“If this is a valid Q and A, then we really need to be able to voice our opinions. But you treated them exactly the way all of you said we treated people of the Muslim religion here,” Debbie said in her interview with WND. “You shut them down, marginalized them. You treated these ladies with great disrespect. Their questions didn’t get answered and it just was not right.”

Hussein’s comment about the “big stick” came across as arrogant, Debbie said.

“To me, that’s intimidation. He’s a very arrogant gentleman. The tone of his voice was very stern. I usually don’t get up and talk, but when those three ladies were treated like they were, I couldn’t just sit there. It’s not right to have a meeting where you bring in people who don’t necessarily believe in the things that you’re doing and then not give them the opportunity to speak. You kill fear by giving people information. And they weren’t doing that; they did it the wrong. It was an interesting meeting.”

Also at the meeting was Bob Carrillo, 69, who said he volunteered for 10 years at the State Capitol and used to host a radio program in the area.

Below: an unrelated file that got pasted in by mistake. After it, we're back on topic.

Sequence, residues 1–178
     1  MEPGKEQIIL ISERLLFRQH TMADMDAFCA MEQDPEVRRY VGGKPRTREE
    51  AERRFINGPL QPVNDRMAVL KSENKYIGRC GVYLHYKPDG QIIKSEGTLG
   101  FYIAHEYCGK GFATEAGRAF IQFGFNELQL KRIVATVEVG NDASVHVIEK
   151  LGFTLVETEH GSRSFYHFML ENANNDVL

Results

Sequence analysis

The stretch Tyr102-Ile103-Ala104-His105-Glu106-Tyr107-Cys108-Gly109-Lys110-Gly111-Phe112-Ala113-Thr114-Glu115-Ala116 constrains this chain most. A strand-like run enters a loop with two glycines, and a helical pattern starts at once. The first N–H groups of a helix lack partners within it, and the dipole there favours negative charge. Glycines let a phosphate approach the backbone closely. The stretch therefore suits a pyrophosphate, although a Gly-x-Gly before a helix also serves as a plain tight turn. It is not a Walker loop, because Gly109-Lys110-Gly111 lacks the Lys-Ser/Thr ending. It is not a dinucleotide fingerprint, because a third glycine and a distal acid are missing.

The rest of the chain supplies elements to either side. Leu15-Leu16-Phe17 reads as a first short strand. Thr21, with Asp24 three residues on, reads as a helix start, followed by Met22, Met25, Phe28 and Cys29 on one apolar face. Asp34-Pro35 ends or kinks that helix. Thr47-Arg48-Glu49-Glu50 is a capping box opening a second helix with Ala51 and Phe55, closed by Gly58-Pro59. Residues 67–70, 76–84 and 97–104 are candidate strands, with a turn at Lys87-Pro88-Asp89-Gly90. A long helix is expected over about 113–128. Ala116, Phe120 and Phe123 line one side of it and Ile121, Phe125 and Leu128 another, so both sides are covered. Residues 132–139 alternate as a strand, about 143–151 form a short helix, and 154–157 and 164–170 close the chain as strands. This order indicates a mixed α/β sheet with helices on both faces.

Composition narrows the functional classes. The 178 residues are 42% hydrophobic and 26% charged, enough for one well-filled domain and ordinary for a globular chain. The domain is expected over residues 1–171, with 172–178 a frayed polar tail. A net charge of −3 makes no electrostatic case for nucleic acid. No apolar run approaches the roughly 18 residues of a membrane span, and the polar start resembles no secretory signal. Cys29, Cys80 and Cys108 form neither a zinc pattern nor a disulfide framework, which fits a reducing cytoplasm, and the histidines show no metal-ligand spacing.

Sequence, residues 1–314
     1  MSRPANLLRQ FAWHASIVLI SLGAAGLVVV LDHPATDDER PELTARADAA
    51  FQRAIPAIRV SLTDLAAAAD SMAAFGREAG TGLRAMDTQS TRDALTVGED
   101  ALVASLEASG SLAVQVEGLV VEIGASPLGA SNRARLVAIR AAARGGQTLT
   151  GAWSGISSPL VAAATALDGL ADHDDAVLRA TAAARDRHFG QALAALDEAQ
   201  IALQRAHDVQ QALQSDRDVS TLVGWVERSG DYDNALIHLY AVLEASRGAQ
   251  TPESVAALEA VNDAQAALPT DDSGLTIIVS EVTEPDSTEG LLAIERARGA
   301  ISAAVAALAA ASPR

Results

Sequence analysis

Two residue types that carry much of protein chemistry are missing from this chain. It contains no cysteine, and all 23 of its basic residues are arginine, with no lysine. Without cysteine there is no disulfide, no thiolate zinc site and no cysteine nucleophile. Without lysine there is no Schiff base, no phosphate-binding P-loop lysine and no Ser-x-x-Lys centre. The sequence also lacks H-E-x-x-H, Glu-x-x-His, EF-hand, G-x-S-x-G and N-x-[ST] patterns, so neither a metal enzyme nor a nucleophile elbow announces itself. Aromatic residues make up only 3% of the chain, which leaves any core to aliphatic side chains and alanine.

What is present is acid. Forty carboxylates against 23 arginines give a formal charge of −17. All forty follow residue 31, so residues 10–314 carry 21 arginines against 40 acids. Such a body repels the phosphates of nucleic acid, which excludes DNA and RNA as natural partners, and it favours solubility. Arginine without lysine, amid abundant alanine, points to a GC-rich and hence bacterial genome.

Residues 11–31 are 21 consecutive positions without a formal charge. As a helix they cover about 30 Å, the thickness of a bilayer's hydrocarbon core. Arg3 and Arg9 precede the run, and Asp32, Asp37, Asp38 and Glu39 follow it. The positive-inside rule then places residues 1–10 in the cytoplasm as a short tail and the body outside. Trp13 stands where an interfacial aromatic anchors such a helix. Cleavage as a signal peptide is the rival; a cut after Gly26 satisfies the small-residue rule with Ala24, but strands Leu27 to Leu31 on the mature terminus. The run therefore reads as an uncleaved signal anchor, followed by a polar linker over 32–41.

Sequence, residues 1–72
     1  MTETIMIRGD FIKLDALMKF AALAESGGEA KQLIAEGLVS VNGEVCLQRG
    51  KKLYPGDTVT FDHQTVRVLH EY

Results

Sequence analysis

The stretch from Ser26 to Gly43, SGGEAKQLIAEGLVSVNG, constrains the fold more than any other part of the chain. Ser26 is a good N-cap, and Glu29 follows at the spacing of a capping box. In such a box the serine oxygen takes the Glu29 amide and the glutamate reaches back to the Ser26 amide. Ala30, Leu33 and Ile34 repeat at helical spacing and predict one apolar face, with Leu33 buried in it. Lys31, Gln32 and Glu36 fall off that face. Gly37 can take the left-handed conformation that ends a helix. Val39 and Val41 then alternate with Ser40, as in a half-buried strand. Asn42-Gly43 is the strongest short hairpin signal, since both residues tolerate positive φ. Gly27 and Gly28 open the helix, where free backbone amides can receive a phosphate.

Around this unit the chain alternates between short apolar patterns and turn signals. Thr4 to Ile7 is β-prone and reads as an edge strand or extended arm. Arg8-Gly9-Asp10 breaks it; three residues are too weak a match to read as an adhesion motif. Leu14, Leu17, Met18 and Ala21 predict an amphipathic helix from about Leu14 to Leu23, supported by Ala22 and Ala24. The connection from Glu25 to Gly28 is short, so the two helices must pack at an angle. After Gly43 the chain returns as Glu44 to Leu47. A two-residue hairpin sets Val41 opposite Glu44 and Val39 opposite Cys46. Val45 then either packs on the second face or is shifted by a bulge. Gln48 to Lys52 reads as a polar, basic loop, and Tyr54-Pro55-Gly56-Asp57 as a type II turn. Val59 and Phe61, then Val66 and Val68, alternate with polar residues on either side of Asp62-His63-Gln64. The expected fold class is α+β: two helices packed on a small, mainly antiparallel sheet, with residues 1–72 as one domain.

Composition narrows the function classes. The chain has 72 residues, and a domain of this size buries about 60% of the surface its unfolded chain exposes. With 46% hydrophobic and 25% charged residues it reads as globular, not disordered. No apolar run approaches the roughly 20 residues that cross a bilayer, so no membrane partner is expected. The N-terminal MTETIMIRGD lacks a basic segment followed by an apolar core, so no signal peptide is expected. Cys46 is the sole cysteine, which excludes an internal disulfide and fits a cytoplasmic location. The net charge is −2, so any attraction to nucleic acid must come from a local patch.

“This is getting dangerous now,” Carrillo told WND. “Mr. Hussein wouldn’t make eye contact with me, and I got tired of waving my hand because he would not call on me to ask a question. He was not willing to take responsibility for some of the barbaric activity perpetrated by his community just over the last two years alone, and now he is doing the same thing with his refusal to answer the lady’s questions. As far as I am concerned, these are a bunch of con men, and they have their Minnesota surrogates who have drunk the Kool-Aid.

“It’s so out of control here, I think we’ve gotten to the point where the authorities are actually afraid of these people,” Carrillo added. “They’re afraid of reprisal, because you can’t name me one place on the planet where this social experiment has worked.”

“You could feel the tension in the room,” added Debbie. “And after I spoke you could sort of feel a break in the tension.”